4. Non-Food Sources
Please don’t stop your vigilance at food sources; consider the following.
Art Supplies~ Numerous art supplies—like mainstream brands of play dough and finger paint—contain gluten. Heidi at Adventures of a Gluten-Free Mom has an excellent post on gluten-free art supplies here. As Heidi says, little ones are notorious for putting their hands in their mouths.
Makeup and Lotions ~ Choose lipstick and facial lotions (or any product that could wind up in your mouth) that are gluten free. Deciphering the ingredients on these labels is not easy, so select products that have simple ingredients like coconut oil and shea butter or shop from a product line that is entirely gluten free.
Medications and Supplements~ Gluten is also sometimes present in medications. I’m talking about prescription and over-the-counter drugs, and vitamins and supplements. Alice Bast, founder and president of NFCA, states “When you look at the word gluten, think glue. It is often used as a binder.” NFCA is in the midst of a two-part study on Gluten in Medications, which was funded by a $50,000 grant from the FDA.
Pet Food~ Unless you are purchasing grain-free pet food, it most likely does contain gluten. Make sure to wash your hands after handling any pet food. This issue may even be more of a concern for the gluten-free child touching the pet’s food dish and then his/her mouth, kissing the family pet, etc.
5. The Gluten-Free Watchdog
Those are just a few sources for hidden gluten, but I’d like to share another component of the hidden gluten equation. As most of you know, there are no current standards for a “gluten-free” label in place in the U.S. at this time. The Food and Drug Administration’s proposed standard from a few years ago remains at less than 20 parts per million (ppm). Final passage of this amount has not occurred; the latest data from the open comment period held months ago is still being evaluated. We also know that we are seeing more and more products labeled “gluten free.” Does that mean such products really are gluten free?
That’s what the Gluten Free Watchdog program is finding out. Founded and maintained by Tricia Thompson (The Gluten-Free Dietitian), the Gluten Free Watchdog program tests “gluten-free” products weekly.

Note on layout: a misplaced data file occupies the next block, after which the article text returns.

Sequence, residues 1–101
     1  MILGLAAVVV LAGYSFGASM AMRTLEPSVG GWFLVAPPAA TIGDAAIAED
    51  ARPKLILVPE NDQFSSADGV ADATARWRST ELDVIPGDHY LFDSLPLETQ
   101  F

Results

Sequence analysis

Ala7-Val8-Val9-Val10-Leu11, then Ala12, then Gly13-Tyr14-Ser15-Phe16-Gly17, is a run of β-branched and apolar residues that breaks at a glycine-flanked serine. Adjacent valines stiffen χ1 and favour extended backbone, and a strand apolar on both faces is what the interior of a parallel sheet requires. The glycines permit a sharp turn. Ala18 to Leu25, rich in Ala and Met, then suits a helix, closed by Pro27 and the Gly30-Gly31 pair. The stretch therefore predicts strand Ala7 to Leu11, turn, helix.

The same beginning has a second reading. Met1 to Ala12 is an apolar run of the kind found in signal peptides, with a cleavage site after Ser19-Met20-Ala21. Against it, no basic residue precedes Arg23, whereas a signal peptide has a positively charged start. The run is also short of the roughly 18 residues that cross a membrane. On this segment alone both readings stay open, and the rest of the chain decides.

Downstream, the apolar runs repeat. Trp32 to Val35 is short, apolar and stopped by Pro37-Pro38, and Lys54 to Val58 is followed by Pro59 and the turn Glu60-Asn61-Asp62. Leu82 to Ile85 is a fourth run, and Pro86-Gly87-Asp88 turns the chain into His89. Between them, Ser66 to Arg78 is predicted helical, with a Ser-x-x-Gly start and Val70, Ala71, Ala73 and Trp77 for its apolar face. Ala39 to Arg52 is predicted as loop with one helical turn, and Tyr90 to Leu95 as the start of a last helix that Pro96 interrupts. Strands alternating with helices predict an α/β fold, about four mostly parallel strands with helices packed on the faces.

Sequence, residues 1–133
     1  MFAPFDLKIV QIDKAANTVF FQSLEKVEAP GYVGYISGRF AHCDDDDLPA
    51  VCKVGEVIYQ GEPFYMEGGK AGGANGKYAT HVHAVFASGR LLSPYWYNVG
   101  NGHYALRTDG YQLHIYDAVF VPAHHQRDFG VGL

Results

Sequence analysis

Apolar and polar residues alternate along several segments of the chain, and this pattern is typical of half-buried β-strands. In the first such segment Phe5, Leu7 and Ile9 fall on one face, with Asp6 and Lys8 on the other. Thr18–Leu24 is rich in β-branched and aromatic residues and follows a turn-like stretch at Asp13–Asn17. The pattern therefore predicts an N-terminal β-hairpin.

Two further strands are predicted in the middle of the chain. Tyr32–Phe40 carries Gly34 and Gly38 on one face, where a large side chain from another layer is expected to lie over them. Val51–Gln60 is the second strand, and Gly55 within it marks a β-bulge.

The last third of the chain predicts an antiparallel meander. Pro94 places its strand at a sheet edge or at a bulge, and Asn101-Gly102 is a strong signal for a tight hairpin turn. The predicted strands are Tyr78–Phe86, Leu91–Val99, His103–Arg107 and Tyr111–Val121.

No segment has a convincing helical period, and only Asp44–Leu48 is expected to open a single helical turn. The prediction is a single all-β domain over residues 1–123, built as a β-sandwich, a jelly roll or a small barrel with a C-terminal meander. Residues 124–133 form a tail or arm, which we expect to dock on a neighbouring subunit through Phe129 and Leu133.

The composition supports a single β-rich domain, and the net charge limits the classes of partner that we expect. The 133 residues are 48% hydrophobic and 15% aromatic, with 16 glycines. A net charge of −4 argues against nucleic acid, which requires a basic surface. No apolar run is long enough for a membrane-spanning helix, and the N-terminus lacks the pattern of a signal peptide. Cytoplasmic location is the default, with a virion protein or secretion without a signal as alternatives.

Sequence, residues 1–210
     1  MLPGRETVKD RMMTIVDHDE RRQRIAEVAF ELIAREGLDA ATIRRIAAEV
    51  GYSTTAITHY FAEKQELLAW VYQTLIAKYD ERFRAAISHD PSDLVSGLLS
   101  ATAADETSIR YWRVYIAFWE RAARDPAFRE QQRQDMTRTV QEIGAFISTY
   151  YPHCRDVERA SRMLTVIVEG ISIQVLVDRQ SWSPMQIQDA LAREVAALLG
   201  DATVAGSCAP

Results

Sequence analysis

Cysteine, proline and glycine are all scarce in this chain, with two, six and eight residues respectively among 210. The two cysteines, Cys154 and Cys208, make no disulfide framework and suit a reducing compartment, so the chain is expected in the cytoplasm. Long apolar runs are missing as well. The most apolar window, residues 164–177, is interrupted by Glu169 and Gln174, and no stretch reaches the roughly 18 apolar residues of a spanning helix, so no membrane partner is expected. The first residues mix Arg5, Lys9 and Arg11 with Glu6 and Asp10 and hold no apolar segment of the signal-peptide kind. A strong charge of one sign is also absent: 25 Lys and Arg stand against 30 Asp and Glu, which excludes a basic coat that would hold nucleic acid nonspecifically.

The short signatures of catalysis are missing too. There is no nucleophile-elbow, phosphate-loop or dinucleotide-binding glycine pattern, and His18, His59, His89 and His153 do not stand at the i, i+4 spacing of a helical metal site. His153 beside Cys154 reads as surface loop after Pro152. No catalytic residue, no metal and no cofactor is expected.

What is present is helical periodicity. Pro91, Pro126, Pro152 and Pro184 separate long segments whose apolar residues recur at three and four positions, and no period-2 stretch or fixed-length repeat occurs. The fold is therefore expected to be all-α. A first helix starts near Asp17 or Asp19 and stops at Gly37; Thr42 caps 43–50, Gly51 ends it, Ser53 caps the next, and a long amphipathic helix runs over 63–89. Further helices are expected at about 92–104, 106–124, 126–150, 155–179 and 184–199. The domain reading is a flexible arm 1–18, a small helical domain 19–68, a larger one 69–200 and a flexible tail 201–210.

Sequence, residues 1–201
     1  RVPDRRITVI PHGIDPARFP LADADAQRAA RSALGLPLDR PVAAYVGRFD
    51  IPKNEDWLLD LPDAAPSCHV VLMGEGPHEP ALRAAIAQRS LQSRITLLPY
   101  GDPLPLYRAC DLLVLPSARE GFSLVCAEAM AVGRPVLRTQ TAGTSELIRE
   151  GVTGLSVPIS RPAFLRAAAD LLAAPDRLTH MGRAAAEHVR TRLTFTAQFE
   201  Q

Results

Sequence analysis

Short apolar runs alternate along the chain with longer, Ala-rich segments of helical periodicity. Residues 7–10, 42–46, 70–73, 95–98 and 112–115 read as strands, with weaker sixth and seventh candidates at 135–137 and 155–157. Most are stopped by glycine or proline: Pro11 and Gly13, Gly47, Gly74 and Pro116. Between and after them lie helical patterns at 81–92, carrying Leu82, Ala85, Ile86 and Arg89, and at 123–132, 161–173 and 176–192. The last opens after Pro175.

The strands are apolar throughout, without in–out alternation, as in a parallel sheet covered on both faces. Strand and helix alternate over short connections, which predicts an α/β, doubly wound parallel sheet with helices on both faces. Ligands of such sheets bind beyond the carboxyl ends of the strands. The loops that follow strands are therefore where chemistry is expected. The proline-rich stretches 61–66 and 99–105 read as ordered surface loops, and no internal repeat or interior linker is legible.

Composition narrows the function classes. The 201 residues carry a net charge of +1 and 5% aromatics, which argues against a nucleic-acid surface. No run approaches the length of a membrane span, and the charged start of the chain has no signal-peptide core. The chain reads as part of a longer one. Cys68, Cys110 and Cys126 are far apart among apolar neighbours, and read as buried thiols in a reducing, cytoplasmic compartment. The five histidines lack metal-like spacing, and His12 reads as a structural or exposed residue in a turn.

The most important thing to know is that while most of the products that the Gluten Free Watchdog has tested are gluten free to less than 5 ppm gluten, a handful of products have tested well above 20 ppm gluten. These findings point to the scariest sources of hidden gluten of all—the ones with “gluten free” labels that you believe are safe. Please take a moment to check out the Gluten Free Watchdog Alerts page to see which products have tested positive for gluten at 20 ppm or above. I have not seen this information shared enough with the gluten-free public and folks are still consuming these products and getting ill. (Note: Only subscribers get the product testing reports immediately with the specific testing results.)
Finally, do your best to “stay safe out there.” For staying safe and living gluten free easily (gfe), I’m a huge proponent of real food that is naturally gluten free. There is no hidden gluten in the products that are ready to eat “as is” (obviously, cooking will be needed in some cases). Think meat, seafood, fruit, vegetables, and dairy. As they come in their natural forms (without processing or “additives”), these foods are gluten free all day long!
- Shirley Braden
Entry filed under: Cheryl. Tags: Celiac Awareness Month, cooking, cross-contamination, dining out, gluten, gluten intolerance, gluten sensitivity, gluten-free, health, health risks, KISS, take action.